Best Books I Read in 2016: Air Raid, Homo Sapiens, Song of Ice and Fire, Dragons and Tacos

The Perfect Pass: American Genius and the Reinvention of Football, by S.C. Gwynne. This is the most fun football book I’ve read in some time, which is a credit to Gwynne but also to his subject matter, namely Hal Mumme, Mike Leach and the motley bunch of players, coaches and a few administrators who supported or in some cases simply tolerated the birth of the Air Raid.

gwynneGwynne is an accomplished writer but not necessarily a football expert, but he nonetheless handles the technical aspects of the Air Raid with aplomb, which is in a sense not surprising given that one of the hallmarks of the Air Raid is its simplicity. But the heart of the book — and its true value — is Gwynne’s reconstruction of Mumme’s and later Leach’s journey as they designed and developed what eventually became the Air Raid offense the 1980s and early 1990s at places like Copperas Cove high school, Valdosta State and, most colorfully, Iowa Wesleyan.

As someone who has written extensively about Mumme, Leach and the Air Raid offense, I approached the book with trepidation — OK, fine, my usual policy on books like this is not to bother with reading them — but enough coaches told me I should read, and I’m glad I did. Gwynne’s book filled in for me the offense’s pre-Valdosta and pre-Kentucky history, but what I found most remarkable about the book was its chronicling of the fact that in the early 1980s Hal Mumme was a Division I offensive coordinator (UTEP from 1982 to 1985) who desperately wanted to run a pass-first offense but had no real idea how to do it and didn’t even know where to go to learn. He tried to watch San Francisco 49ers games and he eventually started trying to copy BYU’s schemes under LaVell Edwards, but these were poor emulations off of film without any of the related coaching points (indeed, some of Mumme’s earliest experiments involved Mumme trying to write down the plays he saw BYU QB Jim McMahon run while watching the Holiday Bowl on TV), and there were so few people to visit or spend time with that much of the early Air Raid was just trial and error. (Early in his tenure as head coach at Copperas Cove high school, Mumme tried running a version of the run and shoot but it largely died on arrival.)

Things took off when Mumme made more of a connection with the BYU staff and began meeting with Edwards and BYU assistants Norm Chow and Roger French, and then once Mumme teamed up with Leach at Iowa Wesleyan the two made a variety of pilgrimages to meet with pass-oriented coaches like then-Green Bay coach Lindy Infante and then-Miami coach Dennis Erickson. But again, consider how different this was than the situation in 2016: Nowadays one can watch unlimited NFL all-22 film (for a small fee) and can download countless playbooks and game films, there are coaching message boards and social media accounts dedicated to football and football strategy (plus, uh, some blogs and websites), one can easily buy or borrow a huge variety of books and DVDs, there’s Youtube videos of clinic talks and GIFs of basically every meaningful play, and communication among fans and coaches in general is much easier, and if all else fails there are coaching and consulting services you can pay for where they tell you how to install whatever offense or defense you want to run. But in 1989 the sole option was, more or less, get in the car and drive six hours to learn from someone who is doing what you would like to do, which is why it took Mumme roughly a decade of experimenting at high schools and small colleges to bring the Air Raid offense from conception to completion. On the other hand, however, those established coaches were willing to meet with off-the-radar guys like Leach and Mumme for hours and even days because the two of them had in fact gotten in the car and driven to their offices, rather than sending them some emails or just tweeting at them.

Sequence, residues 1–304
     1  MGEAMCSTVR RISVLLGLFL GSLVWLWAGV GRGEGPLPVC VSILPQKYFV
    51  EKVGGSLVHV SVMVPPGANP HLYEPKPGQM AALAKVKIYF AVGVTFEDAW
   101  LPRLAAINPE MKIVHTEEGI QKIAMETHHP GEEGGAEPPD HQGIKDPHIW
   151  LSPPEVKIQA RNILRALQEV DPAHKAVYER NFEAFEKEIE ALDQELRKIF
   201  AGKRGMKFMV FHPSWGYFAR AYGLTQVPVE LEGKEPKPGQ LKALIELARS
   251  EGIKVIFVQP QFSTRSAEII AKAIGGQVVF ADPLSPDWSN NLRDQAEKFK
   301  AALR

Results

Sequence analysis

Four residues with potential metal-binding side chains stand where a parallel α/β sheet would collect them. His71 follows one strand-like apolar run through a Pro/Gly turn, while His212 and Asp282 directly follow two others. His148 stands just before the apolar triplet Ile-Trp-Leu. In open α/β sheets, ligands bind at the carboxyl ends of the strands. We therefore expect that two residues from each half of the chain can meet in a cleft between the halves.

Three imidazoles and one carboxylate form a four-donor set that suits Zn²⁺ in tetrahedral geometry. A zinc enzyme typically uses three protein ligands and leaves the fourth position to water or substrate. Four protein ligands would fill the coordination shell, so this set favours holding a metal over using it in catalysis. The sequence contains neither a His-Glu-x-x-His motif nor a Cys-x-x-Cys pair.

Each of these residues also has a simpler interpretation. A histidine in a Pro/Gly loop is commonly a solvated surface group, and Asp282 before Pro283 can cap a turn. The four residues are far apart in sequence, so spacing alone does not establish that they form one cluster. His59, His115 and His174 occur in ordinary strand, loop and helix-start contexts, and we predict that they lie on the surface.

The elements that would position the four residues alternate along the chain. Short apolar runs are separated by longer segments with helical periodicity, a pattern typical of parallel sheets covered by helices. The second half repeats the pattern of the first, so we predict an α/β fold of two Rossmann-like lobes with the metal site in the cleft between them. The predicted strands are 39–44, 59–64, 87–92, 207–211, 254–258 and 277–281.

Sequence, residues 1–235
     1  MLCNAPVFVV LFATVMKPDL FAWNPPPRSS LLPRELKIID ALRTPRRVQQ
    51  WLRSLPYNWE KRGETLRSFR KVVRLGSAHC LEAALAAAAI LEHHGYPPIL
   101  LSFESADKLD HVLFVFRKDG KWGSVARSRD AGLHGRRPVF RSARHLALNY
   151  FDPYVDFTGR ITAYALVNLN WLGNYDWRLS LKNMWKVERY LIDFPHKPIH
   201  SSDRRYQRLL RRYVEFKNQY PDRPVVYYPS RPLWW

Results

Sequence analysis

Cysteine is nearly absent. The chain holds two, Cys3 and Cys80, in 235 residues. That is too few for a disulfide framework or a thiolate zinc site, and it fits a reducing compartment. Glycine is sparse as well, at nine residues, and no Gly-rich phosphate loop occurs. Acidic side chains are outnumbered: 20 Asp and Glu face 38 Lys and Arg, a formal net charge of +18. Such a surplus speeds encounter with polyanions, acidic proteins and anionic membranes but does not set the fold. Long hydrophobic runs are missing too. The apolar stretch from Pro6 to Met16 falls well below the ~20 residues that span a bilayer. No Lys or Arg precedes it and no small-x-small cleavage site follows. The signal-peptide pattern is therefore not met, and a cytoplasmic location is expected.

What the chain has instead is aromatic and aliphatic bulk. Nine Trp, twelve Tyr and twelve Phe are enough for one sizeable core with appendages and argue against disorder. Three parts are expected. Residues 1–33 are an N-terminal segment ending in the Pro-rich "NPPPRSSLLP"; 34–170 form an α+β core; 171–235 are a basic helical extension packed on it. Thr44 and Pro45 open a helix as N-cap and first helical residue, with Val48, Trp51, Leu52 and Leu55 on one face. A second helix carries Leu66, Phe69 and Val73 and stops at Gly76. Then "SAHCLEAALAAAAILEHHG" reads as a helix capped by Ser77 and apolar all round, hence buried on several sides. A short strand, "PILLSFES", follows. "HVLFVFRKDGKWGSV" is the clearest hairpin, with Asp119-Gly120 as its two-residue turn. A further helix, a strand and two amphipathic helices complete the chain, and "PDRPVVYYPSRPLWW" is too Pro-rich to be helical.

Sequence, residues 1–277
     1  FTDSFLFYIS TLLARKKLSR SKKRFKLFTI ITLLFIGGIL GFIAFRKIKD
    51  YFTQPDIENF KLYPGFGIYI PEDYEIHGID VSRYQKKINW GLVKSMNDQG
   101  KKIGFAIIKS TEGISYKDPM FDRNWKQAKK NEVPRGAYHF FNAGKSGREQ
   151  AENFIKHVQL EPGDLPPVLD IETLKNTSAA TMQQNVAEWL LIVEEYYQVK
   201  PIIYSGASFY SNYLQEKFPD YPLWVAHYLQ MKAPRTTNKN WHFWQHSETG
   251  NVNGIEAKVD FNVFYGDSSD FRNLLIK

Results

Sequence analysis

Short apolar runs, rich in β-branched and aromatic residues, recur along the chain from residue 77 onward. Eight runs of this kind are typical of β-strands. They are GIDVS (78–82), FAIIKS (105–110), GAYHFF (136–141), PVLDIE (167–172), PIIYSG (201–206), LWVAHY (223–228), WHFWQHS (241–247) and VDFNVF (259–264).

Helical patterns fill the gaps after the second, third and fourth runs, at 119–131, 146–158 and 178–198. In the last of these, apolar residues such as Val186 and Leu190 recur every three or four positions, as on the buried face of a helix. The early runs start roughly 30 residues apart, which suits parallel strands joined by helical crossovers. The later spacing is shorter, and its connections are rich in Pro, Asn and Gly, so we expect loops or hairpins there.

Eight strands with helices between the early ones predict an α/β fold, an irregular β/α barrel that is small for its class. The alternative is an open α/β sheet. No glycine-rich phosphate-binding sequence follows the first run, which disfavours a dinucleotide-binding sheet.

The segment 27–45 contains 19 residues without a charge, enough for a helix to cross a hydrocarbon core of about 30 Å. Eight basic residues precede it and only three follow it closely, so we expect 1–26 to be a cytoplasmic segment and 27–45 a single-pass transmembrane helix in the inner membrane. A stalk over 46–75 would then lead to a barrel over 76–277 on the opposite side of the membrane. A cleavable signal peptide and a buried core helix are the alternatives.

In any event, The Perfect Pass had a few minor flaws: it was probably a bit too charitable to Mumme regarding how his Kentucky tenure ended amid NCAA scandal, though that entire situation was a mess and I’m aware of no evidence that Mumme directly authorized the cash payments made by his staff, and the book’s arguments are weakest when trying to declare definitively that the game is only going in the direction of more and more passing (a weakness of hyperbole shared by the book’s title). But those are relatively minor quibbles, as this is one of the most fun football books I’ve read in years, and I’m glad the story of these guys and this offense finally got the definitive treatment they deserve. And, if nothing else, the following passage alone was worth the price of admission, as anyone who knows me (particularly my wife) simply nods when I show it to them:

[Mumme] spent much of his free time diagramming pass plays. He would often do this on scraps of paper or whatever he could find to write on, scrawling down ideas about how to freeze this or that defensive back, how to flood a zone defense, how to throw a curl/flat combination, how to protect against a blitz. He did this everywhere he went, day and night, so much so that he trailed these little artifacts of ambition and desire behind him at his home and office. They were tiny pieces of the master plan he didn’t have yet. June actually picked them up and put them in boxes. She soon discovered that he didn’t need to keep them. The writing itself was the mnemonic device.

sapiens

Sapiens: A Brief History of Humankind, by Yuval Noah Harari. While The Perfect Pass was the best football book I read this year, Sapiens was far and away the best overall book I read. I looked it up after I heard Nobel laureate Dan Kahneman (another Smart Football favorite) mention it on a podcast, and I read a sample chapter with little expectation. But while I was immediately hooked, the book kept evolving as I read it, as what began with a fascinating recantation of the lives and activities of the earliest proto-humans — Neaderthals, homo erectus and early homo sapiens — soon turned to an examination of why it was that homo sapiens, after hundreds of thousands of years of surviving but pretty much existing in the middle of the food chain, suddenly rocketed to the top of it (and in the process driving many ancient beasts to extinction, like giant sloths and mammoths), conquered multiple climates, and eventually began domesticating the world around them, from farm animals and livestock to crops. And Harari includes a fascinating albeit depressing argument about the true nature of our relationship to our most necessary crop, wheat: